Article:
Doctor’s Tip: Happy, healthy holidays |

Doctor’s Tip: Happy, healthy holidays

Dr. Greg Feinsinger
Doctor’s Tip

This column is based on an article in a recent issue of the Harvard Health Letter titled “Holiday health hazards.”


Most people experience weight gain over the holidays, and don’t lose it afterwards. Unfortunately, many traditional holiday foods are high in calories, salt, sugar and unhealthy fats. Not that you absolutely have to avoid all these things during these festive times, but pick a couple of days to splurge such as Christmas and New Year’s Eve.

Remember the tips in a prior column about how to lose (or keep from gaining) weight, some of the key points being the following: Before each meal drink two cups of cool or cold, unflavored water. Start each meal with a cup or small bowl of low-calorie vegetable or legume soup, and eat it slowly with a teaspoon. Incorporate two teaspoons of vinegar with each meal, which causes satiety (a feeling of fullness). Chew each bite of food thoroughly and spend at least 20 minutes eating each meal, which gives your body time to produce hormones that tell you that you’re full — you will enjoy your meals more and eat less.

For healthy, plant-based holiday meals, go online, and you’ll be amazed at the number of tasty options available. A useful cookbook is “Vegan Holiday Kitchen,” by Nava Atlas. Minimalist Baker is a good website.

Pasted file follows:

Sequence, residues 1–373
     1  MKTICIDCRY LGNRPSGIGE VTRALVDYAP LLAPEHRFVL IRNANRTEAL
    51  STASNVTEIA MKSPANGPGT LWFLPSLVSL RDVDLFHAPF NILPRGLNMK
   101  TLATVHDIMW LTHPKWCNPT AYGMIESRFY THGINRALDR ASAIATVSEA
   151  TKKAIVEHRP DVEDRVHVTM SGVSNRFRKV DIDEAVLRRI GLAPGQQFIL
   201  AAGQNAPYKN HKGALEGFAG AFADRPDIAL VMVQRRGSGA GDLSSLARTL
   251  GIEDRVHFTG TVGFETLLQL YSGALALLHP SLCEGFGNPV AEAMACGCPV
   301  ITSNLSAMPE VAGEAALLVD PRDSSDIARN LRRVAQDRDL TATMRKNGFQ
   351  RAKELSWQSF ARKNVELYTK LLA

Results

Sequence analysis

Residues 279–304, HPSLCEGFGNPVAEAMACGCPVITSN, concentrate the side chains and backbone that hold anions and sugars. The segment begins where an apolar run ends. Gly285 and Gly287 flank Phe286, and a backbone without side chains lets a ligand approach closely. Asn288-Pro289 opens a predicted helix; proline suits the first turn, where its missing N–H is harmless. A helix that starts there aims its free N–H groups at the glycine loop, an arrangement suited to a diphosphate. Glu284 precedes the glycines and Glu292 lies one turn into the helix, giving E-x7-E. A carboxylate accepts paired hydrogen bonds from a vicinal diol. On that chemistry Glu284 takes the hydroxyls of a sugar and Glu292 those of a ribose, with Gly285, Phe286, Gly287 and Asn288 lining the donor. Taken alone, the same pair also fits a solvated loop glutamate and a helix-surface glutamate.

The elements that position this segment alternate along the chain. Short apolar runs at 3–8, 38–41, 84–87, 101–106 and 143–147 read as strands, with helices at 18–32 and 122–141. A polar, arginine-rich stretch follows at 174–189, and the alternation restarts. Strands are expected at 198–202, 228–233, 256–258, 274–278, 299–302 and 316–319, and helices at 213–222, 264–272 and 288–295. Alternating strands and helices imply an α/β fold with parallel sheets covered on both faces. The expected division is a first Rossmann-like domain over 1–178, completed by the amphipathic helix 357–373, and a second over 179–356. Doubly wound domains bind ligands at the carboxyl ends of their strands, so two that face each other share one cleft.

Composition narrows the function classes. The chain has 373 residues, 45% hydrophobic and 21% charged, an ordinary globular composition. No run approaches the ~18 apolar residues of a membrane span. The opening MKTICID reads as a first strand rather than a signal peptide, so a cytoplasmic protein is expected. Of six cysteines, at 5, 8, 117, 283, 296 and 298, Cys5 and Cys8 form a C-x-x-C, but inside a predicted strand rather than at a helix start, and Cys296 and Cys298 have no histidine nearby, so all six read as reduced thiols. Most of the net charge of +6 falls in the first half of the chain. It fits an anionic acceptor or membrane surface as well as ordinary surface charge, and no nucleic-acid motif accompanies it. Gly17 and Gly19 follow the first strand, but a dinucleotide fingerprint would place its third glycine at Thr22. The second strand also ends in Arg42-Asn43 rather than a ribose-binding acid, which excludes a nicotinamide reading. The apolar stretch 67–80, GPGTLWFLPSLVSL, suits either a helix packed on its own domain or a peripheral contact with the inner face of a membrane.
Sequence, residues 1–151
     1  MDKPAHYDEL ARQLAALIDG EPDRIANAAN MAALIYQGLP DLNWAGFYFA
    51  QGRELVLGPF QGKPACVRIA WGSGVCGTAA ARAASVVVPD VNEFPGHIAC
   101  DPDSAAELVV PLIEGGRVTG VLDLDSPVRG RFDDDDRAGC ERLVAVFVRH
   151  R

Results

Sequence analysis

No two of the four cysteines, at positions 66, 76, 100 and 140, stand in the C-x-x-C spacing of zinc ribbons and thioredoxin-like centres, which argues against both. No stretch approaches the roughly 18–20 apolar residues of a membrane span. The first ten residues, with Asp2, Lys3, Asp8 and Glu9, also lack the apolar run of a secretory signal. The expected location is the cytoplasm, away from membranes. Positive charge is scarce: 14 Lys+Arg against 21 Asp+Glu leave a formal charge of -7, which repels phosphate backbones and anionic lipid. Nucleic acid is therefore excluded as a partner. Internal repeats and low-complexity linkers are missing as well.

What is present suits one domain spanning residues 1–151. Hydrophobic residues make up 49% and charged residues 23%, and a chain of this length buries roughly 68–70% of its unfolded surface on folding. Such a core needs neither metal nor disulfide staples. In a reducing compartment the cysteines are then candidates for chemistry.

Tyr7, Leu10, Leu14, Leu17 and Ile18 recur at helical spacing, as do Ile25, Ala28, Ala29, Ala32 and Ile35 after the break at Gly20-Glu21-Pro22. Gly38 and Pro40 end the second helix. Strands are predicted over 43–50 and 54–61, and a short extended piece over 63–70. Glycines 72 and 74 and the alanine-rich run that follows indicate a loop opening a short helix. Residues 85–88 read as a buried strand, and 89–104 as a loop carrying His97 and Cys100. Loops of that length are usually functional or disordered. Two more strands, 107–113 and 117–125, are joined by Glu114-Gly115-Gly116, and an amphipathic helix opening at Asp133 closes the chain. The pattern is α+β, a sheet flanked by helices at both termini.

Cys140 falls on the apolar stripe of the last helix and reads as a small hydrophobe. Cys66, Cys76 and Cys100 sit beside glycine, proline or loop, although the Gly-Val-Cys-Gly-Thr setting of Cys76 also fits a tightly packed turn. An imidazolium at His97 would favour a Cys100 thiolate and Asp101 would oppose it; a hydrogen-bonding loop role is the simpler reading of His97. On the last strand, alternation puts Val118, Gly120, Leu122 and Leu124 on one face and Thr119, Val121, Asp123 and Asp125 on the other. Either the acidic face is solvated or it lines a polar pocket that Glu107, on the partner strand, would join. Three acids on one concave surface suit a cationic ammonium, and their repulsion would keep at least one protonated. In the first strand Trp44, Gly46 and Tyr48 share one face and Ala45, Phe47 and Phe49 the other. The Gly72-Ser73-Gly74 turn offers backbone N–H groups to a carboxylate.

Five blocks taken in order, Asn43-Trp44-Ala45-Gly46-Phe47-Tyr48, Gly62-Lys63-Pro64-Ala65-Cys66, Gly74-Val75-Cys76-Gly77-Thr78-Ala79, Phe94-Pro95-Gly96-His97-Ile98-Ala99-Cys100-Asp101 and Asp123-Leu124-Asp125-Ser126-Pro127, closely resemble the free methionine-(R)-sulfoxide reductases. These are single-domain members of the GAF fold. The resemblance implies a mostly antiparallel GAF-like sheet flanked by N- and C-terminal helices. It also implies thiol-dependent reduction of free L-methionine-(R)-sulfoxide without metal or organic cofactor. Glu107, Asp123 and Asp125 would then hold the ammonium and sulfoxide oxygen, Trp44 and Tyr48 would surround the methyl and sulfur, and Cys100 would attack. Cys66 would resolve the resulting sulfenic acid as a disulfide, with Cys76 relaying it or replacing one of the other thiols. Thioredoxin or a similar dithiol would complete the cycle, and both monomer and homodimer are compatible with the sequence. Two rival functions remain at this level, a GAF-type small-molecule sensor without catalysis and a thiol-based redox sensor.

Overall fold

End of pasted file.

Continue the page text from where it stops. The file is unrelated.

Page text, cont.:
Drinking a lot of alcohol over the holidays can contribute to sudden atrial fibrillation, a condition called “holiday heart.” If you have experienced a fib before, even one drink of alcohol can set it off. Eating unhealthy food plus drinking increases the risk. Although the condition is usually temporary, the fast, irregular beat can be uncomfortable and occasionally even life-threatening due to congestive heart failure and/or pulmonary emboli. If your heart is beating rapidly and/or irregularly, and particularly if this is associated with chest pain, dizziness or shortness of breath, go immediately to the emergency room.

To decrease your risk of holiday heart, limit alcohol intake to the recommended one drink a day for women and two for men, with a drink being 4 ounces of wine, 12 of beer, or 1 of hard alcohol.


For some, the holidays are relaxing and spiritual, but for many others they are stressful, and among other negative effects stress weakens immunity. Exercise regularly throughout the holidays, get at least seven hours of sleep, eat a healthy diet, and consider relaxation techniques such as meditation or yoga.


COVID-19 has killed close to 800,000 people in the U.S.; one out of 100 Americans age 65 and over have died from it. Unfortunately, largely due to vaccine hesitancy and refusal, the pandemic is still with us this year. The most important strategy to avoid becoming a statistic is to get fully immunized. Since even that isn’t 100% effective, associate only with people who are fully vaccinated, avoid large groups (even family) and consider masking and social distancing when appropriate.

Dr. Feinsinger is a retired family physician with special interest in disease prevention and reversal through nutrition. Free services through Center For Prevention and The People’s Clinic include: one-hour consultations, shop-with-a-doc at Carbondale City Market and cooking classes. Call 970-379-5718 for appointment or email

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